• Therapy for the PD form of POTS is frequently Equally important is the physical examination, aimed at increasing peripheral vascular resistance and which should also include a careful neurologic exam- fluid volume, for which we often use fludrocortisone ination. Heart rate and blood pressure should be acetate, 0.1-0.2 mg qd. The drug promotes sodium and measured supine, sitting, upon initial standing, and at fluid retention and also seems to promote vascular con- intervals of 2, 5, and 10 minutes. Examination of the striction. An alternative agent is desmopressin acetate extremities while upright may reveal a bluish, mottled (DDAVP), 0.1-0.2 mg at bedtime. If necessary, we next discoloration (acral cyanosis) that may indicate pe- add a vasoconstrictor such as midodrine HCl (Pro- ripheral venous pooling. As heart rate and blood pres- Amatine), beginning at 5 mg tid. The dose may be pro- sure responses are variable during upright posture, we gressively increased to 10-15 mg qid if needed. It is often perform tilt table testing, as it is a more con- often useful to give the first dose of midodrine around trolled setting with fewer variables. In select patients, 15-20 minutes before getting out of bed in the morn- other tests of autonomic function such as thermoreg- ing, since symptoms may be worse then. The most ulatory sweat testing, sudomotor axon testing, and common side effects of midodrine are “goose bumps,” cold pressor tests may be useful for evaluating certain scalp tingling, and nausea. In patients who cannot tol- symptoms. Specimens for serum levels of dopamine, erate midodrine, an effective substitute can be methyl- epinephrine, and norepinephrine should be obtained phenidate HCl (Ritalin, Methylin, Concerta, etc.).
in the supine and upright positions in patients in Some authors have also used yohimbine as successful whom the hyperadrenergic form of POTS is suggest- therapy, again because of its vasoconstrictive effects.
ed. More detailed information regarding these disor- If the combination of a volume expander and vaso- constrictor is not effective, we add either a serotonin Adequate treatment depends on adequate diagno- reuptake inhibitor (SSRI) or a norepinephrine inhibi- sis. Any pharmacotherapy that may be exacerbating tor, although SSRIs appear to be more effective in the patient’s condition should be stopped (Table 2), treating neurocardiogenic syncope than POTS. The and any condition that may be contributing to POTS norepinephrine reuptake inhibitor that we usually use should be diagnosed and adequately treated.16 We en- is the extended formulation of bupropion (Wellbutrin courage all patients to start a reconditioning program XL) starting at 150 mg qd and increasing to 300 mg 24 • FAMILY PRACTICE RECERTIFICATION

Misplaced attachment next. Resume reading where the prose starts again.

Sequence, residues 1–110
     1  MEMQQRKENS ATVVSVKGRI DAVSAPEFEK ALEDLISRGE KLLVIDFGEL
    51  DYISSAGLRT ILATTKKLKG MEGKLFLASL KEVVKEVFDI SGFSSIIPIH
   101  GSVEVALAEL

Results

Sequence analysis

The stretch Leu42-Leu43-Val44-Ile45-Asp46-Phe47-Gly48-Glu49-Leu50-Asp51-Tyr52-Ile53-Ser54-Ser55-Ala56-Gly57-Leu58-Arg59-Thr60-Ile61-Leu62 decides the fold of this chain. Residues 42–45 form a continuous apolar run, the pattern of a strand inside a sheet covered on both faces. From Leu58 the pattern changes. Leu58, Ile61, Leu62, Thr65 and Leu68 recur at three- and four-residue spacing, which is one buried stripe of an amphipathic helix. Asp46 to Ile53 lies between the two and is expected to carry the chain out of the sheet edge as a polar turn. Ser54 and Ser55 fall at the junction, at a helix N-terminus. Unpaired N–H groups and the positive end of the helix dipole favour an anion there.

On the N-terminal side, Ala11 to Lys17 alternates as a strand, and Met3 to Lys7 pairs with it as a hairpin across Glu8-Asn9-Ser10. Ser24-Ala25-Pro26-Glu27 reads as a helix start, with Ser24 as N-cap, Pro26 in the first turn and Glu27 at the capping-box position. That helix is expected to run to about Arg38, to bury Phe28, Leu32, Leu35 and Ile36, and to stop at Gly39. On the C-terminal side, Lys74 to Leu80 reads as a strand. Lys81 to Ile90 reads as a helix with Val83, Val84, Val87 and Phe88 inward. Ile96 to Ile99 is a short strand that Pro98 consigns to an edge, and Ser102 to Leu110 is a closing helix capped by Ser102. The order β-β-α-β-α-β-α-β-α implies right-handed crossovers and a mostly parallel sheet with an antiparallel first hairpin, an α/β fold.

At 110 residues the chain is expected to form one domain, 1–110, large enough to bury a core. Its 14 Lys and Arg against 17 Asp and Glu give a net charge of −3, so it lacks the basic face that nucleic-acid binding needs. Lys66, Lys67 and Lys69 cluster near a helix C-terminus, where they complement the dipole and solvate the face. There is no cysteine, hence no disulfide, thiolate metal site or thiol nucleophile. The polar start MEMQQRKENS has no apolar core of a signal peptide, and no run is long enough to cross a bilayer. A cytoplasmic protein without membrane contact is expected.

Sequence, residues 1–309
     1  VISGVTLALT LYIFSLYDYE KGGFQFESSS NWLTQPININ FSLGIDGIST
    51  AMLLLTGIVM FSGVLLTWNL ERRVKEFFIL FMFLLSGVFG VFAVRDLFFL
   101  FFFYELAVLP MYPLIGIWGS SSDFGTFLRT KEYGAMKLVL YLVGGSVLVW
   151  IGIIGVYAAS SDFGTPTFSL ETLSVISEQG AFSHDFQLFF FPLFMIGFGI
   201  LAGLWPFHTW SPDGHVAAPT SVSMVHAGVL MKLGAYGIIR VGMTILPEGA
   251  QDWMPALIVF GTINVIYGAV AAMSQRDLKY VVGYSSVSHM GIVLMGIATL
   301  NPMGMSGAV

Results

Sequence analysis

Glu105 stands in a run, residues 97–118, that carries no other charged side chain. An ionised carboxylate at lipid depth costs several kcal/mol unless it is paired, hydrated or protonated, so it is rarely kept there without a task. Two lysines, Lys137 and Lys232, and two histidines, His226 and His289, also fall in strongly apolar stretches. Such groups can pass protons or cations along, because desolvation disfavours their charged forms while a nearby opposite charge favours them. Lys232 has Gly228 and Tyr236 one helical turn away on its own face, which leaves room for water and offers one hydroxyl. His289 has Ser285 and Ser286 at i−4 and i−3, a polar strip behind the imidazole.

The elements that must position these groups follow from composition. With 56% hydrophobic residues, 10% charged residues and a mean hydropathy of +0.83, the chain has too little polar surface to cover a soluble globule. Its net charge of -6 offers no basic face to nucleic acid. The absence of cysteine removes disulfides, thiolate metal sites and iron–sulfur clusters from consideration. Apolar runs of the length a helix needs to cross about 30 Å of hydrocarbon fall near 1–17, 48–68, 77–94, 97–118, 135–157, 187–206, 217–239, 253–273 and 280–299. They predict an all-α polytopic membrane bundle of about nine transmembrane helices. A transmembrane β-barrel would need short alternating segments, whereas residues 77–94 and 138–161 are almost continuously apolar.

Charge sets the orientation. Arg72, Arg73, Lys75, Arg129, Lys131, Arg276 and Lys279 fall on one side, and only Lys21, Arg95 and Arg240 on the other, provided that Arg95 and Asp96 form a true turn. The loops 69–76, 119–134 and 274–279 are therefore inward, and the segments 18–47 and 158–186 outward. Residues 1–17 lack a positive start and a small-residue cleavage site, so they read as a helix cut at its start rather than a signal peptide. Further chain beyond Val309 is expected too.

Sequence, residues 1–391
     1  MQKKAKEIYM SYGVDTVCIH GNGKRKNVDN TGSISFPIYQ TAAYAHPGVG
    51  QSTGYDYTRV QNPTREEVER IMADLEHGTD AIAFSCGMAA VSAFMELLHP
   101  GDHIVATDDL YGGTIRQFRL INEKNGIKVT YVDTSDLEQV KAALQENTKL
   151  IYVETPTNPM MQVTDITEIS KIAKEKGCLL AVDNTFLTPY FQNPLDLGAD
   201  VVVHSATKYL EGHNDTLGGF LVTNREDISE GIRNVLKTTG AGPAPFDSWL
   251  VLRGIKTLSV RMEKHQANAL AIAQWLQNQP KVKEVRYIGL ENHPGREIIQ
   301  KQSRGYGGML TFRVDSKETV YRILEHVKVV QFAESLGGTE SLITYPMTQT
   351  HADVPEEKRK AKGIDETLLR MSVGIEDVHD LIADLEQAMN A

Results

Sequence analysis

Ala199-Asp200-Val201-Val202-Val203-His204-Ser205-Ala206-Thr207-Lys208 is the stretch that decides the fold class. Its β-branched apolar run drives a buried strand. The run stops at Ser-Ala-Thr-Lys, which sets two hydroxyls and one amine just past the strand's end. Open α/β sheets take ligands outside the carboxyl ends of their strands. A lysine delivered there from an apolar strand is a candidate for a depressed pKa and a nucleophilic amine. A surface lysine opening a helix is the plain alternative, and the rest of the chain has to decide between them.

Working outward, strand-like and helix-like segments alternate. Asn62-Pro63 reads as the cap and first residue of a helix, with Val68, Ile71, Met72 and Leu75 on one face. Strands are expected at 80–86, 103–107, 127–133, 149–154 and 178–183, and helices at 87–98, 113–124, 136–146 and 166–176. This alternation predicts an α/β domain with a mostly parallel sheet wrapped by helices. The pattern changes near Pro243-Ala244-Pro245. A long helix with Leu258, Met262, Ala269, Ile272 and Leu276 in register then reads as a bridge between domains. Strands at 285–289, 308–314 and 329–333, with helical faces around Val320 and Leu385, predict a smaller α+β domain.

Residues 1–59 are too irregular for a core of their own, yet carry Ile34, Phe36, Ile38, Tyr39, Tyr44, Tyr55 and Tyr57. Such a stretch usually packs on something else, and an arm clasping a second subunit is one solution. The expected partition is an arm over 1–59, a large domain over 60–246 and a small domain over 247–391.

Therapeutic options in POTS
Effective in
Key: H = hyperadrenergic; PD = partial dysautonomic; POTS = postural tachycardia syndrome; SC = subcutaneous.
Note: The Food and Drug Administration has not approved any drug for treating POTS.
qd if needed. If an SSRI is used, those with combined POTS secondary to an autoimmune process such as serotonin and norepinephrine reuptake inhibition SLE. Current protocols use a starting dose of 30 mg (duloxetine HCl [Cymbalta] and venlafaxine HCl bid and titrate to 50-90 mg tid if needed. [Effexor]) appear to be most useful.
In quite debilitated patients in whom other thera- A promising new therapy is pyridostigmine bro- pies have either been ineffective or poorly tolerated, mide (Mestinon). This acetylcholinesterase inhibitor we use erythropoietin (Epogen, Procrit). Although appears to enhance neural transmission at the gan- originally developed to treat anemia, it was found to glionic junction of sympathetic and parasympathetic be a potent vasoconstrictor, a property useful in treat- nerves. Pyridostigmine has thus far proven useful in ing orthostatic disorders. Erythropoietin is given sub- patients with postviral POTS and those who develop cutaneously, usually starting at a dosage of 10,000 VOL. 28, NO. 3, MARCH 2006 • 25